See also: St. Jardim, which serves as a cafe by day and natural wine bar at night. Stop by for a gorgeous yogurt bowl and cinnamon latte in the morning and come back in the evening for oysters and a glass of orange wine. Do note that it’s walk-ins only in the daytime.

Photo courtesy of Okonomi/YUJI Ramen
Photo courtesy of Okonomi/YUJI Ramen

For when you’re craving a Japanese breakfast …

Book the breakfast tasting menu at Okonomi. This 12-seat counter in Williamsburg serves a traditional Japanese set breakfast called Ichiju Sansai, which includes roasted fish, a rice bowl, miso soup, and three vegetable sides. The thoughtful presentation and unique space make this a great spot to impress out of towners.

See also: Hi-Collar, if you take your breakfast beverages seriously. You can choose from a wide selection of coffee beans and teas to enjoy with their signature omurice. Do note that the earliest time you can stop in here on a weekday is 11 a.m., however.

For when you need a cure after a late night out …

Get yourself to Jacob’s Pickles. Known for their generous portion sizes, this Upper West Side classic is the perfect place for a wildly indulgent breakfast. Order up a cheesy, gravy-smothered biscuit sandwich or a big plate of pancakes, and it will be like last night never happened.

See also: Sometimes a greasy breakfast sandwich can work wonders, and the Montreal-style deli sandwiches stacked high with house smoked meats at Mile End Delicatessen hit just right.

Photo courtesy of Clinton Street Baking Co.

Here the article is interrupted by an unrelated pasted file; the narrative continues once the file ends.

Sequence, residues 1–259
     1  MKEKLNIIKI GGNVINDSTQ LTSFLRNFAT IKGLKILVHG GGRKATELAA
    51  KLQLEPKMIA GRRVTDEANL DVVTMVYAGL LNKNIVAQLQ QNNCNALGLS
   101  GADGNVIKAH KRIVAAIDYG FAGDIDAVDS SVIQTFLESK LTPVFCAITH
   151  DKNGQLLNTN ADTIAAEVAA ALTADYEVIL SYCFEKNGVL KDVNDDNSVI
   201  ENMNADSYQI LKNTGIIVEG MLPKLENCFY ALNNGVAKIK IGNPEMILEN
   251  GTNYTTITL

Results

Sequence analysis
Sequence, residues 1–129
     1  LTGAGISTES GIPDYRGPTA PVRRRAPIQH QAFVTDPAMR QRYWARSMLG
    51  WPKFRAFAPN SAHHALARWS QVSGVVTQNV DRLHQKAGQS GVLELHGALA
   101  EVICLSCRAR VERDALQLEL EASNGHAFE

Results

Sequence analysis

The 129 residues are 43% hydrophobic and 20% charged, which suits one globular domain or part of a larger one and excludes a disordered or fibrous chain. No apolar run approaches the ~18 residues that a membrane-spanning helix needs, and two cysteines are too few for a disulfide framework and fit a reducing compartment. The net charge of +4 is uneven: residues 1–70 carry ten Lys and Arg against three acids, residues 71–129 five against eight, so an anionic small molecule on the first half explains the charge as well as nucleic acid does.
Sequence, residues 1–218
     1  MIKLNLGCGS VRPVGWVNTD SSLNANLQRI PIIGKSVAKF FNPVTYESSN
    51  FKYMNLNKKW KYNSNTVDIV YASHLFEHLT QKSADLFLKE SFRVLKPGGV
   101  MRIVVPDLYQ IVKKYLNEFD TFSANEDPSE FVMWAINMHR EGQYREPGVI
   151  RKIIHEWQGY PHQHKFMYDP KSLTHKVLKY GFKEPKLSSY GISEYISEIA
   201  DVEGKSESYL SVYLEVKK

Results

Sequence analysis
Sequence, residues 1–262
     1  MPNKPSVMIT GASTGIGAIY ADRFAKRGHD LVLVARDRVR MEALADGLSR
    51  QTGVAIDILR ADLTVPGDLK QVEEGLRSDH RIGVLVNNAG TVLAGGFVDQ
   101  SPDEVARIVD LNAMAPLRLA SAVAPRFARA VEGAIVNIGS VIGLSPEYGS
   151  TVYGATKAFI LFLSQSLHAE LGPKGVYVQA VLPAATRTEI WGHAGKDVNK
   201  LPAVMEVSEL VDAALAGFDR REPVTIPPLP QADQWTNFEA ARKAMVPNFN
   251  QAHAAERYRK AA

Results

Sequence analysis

Photo courtesy of Clinton Street Baking Co.

For when you just want some pancakes…

There’s no better place than Clinton St. Baking Co. This iconic Lower East Side spot lives and breathes pancakes, serving them up all day every day. The line often goes around the block for a chance to experience their signature stack of pancakes with warm maple butter, so set a Resy Notify to secure your seat!

See also: The classic cozy neighborhood diner with a twist, Golden Diner. Chef-owner Samuel Yoo opened Golden Diner in 2019 with the goal of incorporating the flavors of Japan, China, and Korea into the traditional diner foods he grew up with in Queens. Grab one of their retro diner stools and order the extraordinarily fluffy honey-maple butter pancakes.

If you’re interested in an alternative slab of sweet carbs, check out the Thai tea babka French toast at Thai Diner, served with Thai tea butter and salty condensed milk.

For when you want to feel like you’re at a cha chaan teng in Hong Kong …

Treat yourself to breakfast at Kong Sihk Tong. Enjoy dishes like the spam and egg noodle soup and the golden lava French toast at either their Manhattan or Queens locations.

See also: S Wan Café and M Star Café for a casual breakfast in Chinatown, where you can get a full breakfast spread for about $5, which we find pretty hard to beat.

Hannah Staab is a New York-based food and beverage writer. Her work has appeared in publications including VinePair, The Vintner Project, and Somm TV Magazine. Follow her dining adventures on Instagram.

Ellie Plass is a freelance writer based in Brooklyn. Follow her on Instagram and X (formerly Twitter). Follow Resy, too.